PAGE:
Interesting links – Women in Computing & Computational Thinking

Diane and Hilary (two very talented young women I work with) continue their road trip through the mid-west and far west this week. They visited a number of colleges early last week and finished up at the Midwest Women in Computing Conference where they presented. Diane posted some resources for women in computing at her blog. Diane left of NCWIT (National Center for Women & Information Technology) which has a lot of resources and programs to help women in the IT field and to help women get into the field. They will both be at the Grace Hopper Celebration of Women in Computer Science later this week. There are resources out there for women (young and old) who are interested in computing fields. We need to make young women aware of them so they don’t think they are alone in being interested in the field.

BTW I love the pictures Diane has been posting of the blue peep who is traveling with them. Frankly I think it is an example of how people can make pictures of trips a bit more interesting. So check out the photo albums. Maybe some students will get some ideas from them for travel blogs or web pages of their own.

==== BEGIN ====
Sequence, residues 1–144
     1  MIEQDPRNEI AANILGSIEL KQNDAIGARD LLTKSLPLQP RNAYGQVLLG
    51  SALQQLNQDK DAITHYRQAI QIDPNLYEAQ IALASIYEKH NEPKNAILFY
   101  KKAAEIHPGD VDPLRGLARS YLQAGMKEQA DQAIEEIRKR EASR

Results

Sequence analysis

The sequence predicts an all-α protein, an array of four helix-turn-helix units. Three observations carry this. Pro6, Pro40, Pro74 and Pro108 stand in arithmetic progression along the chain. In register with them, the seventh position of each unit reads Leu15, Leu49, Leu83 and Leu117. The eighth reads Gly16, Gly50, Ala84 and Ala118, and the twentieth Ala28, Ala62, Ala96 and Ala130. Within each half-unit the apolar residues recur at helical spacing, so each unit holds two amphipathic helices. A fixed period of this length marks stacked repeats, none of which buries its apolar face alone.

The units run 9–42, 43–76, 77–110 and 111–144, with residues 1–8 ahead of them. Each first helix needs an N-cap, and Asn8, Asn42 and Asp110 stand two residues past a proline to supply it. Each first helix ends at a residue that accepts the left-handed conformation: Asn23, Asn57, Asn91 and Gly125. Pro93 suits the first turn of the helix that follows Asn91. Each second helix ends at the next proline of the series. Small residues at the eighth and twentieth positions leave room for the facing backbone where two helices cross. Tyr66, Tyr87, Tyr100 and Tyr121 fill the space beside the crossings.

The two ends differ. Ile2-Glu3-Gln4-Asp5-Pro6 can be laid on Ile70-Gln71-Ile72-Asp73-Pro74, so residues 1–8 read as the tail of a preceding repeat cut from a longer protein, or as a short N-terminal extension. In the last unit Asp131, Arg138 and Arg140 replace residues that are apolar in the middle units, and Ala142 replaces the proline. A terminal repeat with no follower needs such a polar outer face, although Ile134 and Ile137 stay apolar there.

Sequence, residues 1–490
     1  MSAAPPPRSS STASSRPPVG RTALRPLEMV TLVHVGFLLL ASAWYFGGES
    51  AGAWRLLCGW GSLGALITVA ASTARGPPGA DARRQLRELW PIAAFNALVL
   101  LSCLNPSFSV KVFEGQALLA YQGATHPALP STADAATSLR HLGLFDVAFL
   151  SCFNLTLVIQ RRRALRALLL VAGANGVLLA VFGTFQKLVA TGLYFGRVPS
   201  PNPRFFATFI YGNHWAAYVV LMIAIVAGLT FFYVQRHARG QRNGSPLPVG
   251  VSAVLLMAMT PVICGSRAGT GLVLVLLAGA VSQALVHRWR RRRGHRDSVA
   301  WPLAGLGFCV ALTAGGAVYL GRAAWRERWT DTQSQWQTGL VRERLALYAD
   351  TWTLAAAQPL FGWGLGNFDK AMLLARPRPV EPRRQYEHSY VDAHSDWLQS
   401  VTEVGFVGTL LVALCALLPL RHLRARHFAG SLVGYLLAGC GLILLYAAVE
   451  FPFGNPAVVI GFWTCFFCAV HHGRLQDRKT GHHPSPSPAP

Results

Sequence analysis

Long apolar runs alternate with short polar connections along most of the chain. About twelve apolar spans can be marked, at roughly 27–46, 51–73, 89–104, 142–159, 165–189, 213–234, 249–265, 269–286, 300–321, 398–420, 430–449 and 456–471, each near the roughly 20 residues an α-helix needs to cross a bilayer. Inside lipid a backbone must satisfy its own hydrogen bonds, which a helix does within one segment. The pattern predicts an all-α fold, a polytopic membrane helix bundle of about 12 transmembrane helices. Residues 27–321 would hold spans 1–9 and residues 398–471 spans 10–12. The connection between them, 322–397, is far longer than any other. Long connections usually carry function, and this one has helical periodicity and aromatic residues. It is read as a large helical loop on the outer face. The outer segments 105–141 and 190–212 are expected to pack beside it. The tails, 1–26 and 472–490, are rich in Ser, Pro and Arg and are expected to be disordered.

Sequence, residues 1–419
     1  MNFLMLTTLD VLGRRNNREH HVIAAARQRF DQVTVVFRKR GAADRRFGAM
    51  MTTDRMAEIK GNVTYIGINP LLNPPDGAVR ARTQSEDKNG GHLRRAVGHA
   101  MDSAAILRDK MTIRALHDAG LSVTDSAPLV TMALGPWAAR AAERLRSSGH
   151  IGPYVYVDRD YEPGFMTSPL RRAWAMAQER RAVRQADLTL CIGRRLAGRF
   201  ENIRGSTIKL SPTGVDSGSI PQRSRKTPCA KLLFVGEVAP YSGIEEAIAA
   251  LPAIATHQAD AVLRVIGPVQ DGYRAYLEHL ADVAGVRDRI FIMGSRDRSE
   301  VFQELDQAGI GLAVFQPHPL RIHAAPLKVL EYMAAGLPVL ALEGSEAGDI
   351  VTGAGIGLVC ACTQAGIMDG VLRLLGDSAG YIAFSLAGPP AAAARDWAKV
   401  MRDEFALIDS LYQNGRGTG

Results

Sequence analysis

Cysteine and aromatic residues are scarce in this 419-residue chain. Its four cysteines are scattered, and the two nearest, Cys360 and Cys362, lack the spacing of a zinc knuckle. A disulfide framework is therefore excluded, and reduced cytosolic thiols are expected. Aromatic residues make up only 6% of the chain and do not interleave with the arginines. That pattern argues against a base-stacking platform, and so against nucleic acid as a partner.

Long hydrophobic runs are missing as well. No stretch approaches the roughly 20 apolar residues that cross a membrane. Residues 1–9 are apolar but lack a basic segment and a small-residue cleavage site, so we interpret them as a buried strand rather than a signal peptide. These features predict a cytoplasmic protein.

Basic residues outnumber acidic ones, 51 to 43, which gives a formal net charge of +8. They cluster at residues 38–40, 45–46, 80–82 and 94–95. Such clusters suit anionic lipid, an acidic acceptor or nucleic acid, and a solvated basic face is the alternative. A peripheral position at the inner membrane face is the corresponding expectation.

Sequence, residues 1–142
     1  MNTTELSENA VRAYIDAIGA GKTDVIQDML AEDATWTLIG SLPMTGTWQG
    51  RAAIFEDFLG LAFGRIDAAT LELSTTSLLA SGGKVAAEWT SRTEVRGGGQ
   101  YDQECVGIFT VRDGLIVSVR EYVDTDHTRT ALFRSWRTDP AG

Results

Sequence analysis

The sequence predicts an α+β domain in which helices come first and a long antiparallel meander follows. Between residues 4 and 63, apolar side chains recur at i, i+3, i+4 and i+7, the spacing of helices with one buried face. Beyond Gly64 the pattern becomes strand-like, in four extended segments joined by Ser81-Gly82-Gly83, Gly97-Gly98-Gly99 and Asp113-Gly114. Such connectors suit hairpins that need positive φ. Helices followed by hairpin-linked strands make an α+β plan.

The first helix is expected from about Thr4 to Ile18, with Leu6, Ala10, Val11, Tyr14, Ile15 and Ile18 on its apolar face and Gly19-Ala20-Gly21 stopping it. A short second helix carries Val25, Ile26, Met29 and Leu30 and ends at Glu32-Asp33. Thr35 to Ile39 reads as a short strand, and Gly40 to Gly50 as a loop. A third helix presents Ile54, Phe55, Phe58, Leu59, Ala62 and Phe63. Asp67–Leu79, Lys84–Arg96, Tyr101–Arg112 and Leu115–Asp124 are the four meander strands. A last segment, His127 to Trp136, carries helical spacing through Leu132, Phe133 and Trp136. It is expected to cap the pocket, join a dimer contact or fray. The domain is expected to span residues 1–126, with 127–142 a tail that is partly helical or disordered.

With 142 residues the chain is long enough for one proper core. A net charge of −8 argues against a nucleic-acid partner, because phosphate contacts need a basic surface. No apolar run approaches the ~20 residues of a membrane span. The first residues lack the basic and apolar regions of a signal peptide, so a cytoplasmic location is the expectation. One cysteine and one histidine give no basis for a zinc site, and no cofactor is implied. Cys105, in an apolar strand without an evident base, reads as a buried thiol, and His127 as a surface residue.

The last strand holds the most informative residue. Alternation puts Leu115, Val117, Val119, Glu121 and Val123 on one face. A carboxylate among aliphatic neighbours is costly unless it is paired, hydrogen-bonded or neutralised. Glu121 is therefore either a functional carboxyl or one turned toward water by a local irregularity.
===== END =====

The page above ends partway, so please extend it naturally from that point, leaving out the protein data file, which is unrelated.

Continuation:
I also ran into Philip Wadler’s page (thanks to a link from Lambda the Ultimate Programming Languages weblog) where he is collecting links to Computational Thinking information. Most of his links I have seen (and linked to before) but one that I haven’t seen before is called Computer Science 4 Fun (aka cs4fn : the fun side of Computer Science) and looks very interesting.

Adam Barr has an interesting (fairly short) post on making bugs easier to find. Adam works at Microsoft where he teaches Microsoft developers to do their jobs better. He’s also written a book on debugging programs. So his comments come from someone who knows what he is talking about. Most comptuer science classes don’t discuss bug preventing, bug detection or software enginnering in general so this post is one I would receommend sending students to read. Ask them to evaluate what he is says and discuss it in class or in writing. The sooner they think about a systems approach to software development the better off they will be – in my not so humble opinion.